• Quality of the water, including ph level, temperature, and nutrient levels.

  • Physical characteristics, such as vegetation in the stream and type of river bottom.

  • Aquatic life, including insects and aquatic worms.

See photos of the team at work

At some sites the researchers also conduct a habitat assessment, which is a more detailed look that includes observations about the type of plants along the banks, whether eroded areas are present, the clarity of the water and how fast it's flowing. All the information is collected following a strict standard of quality assurance.

A benchmark for the future

The three-year monitoring program will provide scientists with a thorough understanding to the current conditions of the waters feeding western Lake Superior.

"This provides us with a snapshot of current conditions," Eliot said. "From here we can see resource changes and detect trends."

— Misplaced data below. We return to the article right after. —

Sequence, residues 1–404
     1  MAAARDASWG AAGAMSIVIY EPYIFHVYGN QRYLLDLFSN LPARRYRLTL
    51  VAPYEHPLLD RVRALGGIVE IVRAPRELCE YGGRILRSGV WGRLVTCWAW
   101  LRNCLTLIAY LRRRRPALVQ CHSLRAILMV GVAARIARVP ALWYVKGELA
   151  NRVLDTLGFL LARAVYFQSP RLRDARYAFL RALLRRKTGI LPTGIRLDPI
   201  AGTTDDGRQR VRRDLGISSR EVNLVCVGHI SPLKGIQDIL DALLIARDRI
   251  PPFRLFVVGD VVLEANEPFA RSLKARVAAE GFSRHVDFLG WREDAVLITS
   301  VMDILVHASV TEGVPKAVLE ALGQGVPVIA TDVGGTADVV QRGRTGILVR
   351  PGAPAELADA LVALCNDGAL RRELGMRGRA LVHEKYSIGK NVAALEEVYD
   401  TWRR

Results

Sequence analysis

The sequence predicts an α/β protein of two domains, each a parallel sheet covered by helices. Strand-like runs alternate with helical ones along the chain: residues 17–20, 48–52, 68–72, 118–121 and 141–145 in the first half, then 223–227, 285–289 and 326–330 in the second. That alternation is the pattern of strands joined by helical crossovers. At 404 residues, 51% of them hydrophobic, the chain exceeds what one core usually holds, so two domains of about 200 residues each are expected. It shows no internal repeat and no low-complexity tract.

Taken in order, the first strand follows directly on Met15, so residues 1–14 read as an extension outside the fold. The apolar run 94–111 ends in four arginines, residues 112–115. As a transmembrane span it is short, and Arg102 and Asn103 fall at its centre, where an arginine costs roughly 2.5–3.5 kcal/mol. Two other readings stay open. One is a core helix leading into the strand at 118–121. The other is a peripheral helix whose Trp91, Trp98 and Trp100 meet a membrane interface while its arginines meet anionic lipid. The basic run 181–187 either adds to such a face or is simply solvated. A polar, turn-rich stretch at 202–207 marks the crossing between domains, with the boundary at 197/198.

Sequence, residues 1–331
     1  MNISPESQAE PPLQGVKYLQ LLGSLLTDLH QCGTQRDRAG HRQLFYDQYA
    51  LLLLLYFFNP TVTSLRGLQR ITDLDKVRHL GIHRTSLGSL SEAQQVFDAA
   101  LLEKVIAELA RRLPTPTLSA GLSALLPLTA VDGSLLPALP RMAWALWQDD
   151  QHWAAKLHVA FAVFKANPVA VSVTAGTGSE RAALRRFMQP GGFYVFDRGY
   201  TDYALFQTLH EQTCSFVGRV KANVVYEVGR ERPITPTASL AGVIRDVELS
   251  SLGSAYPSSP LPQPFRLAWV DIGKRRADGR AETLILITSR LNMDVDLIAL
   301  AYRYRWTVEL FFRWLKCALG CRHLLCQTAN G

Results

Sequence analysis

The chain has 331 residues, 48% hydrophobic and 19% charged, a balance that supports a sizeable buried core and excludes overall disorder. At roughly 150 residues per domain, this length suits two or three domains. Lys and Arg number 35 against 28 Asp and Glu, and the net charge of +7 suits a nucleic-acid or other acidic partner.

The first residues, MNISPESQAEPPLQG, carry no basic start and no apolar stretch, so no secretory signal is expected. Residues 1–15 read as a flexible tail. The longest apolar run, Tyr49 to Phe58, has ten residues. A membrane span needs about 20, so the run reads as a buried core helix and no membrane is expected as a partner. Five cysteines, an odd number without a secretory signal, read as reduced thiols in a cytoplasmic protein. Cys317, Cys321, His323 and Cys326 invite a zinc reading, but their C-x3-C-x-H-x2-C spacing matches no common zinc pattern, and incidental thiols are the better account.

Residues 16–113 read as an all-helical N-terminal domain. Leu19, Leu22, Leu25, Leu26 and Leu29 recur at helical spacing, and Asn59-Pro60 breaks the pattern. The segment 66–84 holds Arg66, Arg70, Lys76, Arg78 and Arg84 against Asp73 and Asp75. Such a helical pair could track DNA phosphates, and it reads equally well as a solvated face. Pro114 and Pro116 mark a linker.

In the future, scientists can return to the monitoring sites -- each one is precisely located by GPS -- to take additional readings. By comparing their data with today's information, they'll be able to spot trends that show how the lake is being affected by invasive species, climate change and other environmental factors.

Lake Superior Research Institute

The Lake Superior Research Institute at UW-Superior conducts environmental research and provides environmental education and public information for the Great Lakes region. It is funded primarily through grants and other external funding. Scientists and staff members associated with LSRI possess a wide range of expertise in chemistry, biology, toxicology, microbiology, geology, statistics, database management, data processing, computer programming, and geographic information systems. Many UW-Superior students participate in LSRI research as research assistants or interns.

News Contact: Al Miller | 715-394-8260 | amiller{atuws}